New to Writing Workshops Detroit? $55

Returning to Writing Workshops Detroit? $40   

Caregiving Chronicles: There's a Will, but No Way

A version of this blog first appeared in BLAC Magazine.

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In August, I lost two stars in my universe. I shared one star with the rest of the world: Detroit's queen, Aretha Franklin. But I couldn't bear to watch the spectacle of her day-long funeral on Aug. 31, because another star in my sky, my 96-year-old aunt, died just three days before. The women had very little in common except they both exemplified the word "diva." But in the end, they also shared something that seems to plague the broader black community – an inability to plan for their own mortality. 

We know that Franklin, whose death was far from sudden, died without a will. Her $80 million estate is now wending its way through court. My aunt wasn't worth millions, but she, too, watched death coming and did little to prepare. Despite friends and family begging her for years to get her papers together, to move into safer housing (she died only two weeks after finally moving into assisted living), and to let someone help with her finances, she refused until it was nearly too late.

It's an old story in the black community: Folks aging with no plan for their care, even as they become increasingly unable to provide for themselves. Folks failing to pass on property to their loved ones, opting instead to let their modest assets get eaten away by lawyers in probate court. Folks arguing that "you can't take it with you," without understanding that's exactly why you should give it to someone else. Guess why African-Americans make up only a fraction of the wealthy one percent? It's because every generation in the black community must start from scratch financially. For us, intergenerational wealth, the most important determinant of long-term financial stability, is almost non-existent.

Last year, the Federal Reserve Bank published a study about race and wealth. The result was as predictable as it was sad. "White families stand out as the most likely to have received an inheritance or other major gift – 26 percent of white families have received an inheritance, compared with less than 10 percent of black families and Hispanic families," said the report. "Most white households (71 percent) report being able to get $3,000 from family or friends in a financial emergency, compared with less than half of Hispanic and black households (49 percent and 43 percent, respectively)."

Earl G. Graves Sr., founder and publisher of Black Enterprise, said it best: "Nearly 70 percent of (African-Americans) have no will or estate plan in place. Not only does this put our ability to transfer wealth to future generations at risk, it also comes at a tremendous cost," he wrote in a 2015 editorial in his magazine. "Merely buying enough life insurance to cover the costs of our burials may have been acceptable for our parents, but it's not even close to good enough for our children and grandchildren." Certainly, many of us feel that we don't have much to pass on, so why bother? (If you have a house, a car, some jewelry, a spouse and/or at least one kid, it behooves you to think about what will happen to your meager possessions when you head to the hereafter.)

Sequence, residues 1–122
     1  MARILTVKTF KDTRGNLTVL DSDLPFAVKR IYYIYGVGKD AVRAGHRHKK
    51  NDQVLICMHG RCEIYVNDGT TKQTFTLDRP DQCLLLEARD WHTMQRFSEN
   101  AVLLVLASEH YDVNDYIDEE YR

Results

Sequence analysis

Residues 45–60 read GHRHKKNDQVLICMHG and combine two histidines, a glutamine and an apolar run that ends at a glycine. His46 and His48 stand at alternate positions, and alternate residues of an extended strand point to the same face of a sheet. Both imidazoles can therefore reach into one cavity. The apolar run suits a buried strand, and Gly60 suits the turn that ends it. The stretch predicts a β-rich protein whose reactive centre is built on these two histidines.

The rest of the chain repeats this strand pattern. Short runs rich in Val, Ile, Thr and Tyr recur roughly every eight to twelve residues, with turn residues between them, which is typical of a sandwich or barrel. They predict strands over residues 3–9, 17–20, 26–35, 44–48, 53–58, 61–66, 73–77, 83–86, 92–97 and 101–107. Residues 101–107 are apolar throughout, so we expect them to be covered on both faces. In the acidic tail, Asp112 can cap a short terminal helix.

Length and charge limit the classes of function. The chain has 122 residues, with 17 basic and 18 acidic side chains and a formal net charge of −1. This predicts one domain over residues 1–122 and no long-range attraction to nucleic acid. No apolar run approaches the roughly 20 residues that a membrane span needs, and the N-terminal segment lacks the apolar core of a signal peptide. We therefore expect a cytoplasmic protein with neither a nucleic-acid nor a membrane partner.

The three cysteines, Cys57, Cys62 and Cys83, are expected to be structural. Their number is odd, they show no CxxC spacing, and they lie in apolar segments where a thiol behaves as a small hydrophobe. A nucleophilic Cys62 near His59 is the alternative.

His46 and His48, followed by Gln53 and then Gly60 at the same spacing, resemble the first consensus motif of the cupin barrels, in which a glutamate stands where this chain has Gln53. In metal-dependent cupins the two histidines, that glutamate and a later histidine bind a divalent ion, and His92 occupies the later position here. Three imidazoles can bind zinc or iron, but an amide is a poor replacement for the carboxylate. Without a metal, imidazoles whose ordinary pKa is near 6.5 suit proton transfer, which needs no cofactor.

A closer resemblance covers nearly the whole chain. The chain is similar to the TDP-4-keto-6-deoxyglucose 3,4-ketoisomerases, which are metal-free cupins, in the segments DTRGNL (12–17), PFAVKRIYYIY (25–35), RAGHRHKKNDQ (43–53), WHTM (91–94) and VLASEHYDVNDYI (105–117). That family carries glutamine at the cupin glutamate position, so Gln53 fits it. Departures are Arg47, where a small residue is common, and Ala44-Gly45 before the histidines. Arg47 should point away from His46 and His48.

But social class doesn't account for the lack of estate planning in our community. Ask Prince. Or Barry White. Or James Brown, Bob Marley, or, yes, even Dr. Martin Luther King Jr. They all died without a will. Perhaps it comes down to a toxic mixture of fear of death and financial illiteracy. Granted, the barriers to attaining that literacy can be substantial. Aside from not having access to lawyers or financial planners, we have no tradition of building and passing on wealth. If your parents refused to talk to you about their financial situation, about their care in old age, about their assets and their dying wishes, how likely are you to know what to do when it's your time to plan for death?

That's why I recently tried to talk to my son openly about this issue. "When should I make a will?" asked the 30-year-old, who is married and doesn't yet have children. "It's never too early to start thinking," I told him. "But especially when you guys buy a home and start a family, you should get something down in writing." He considered my advice quietly. "Do you have a will?" Gulp. Well, kind of. You see, what had happened was … "Um, yeah, but I haven't updated it in 25 years," I admitted, red-faced. Guess what I'm doing this week?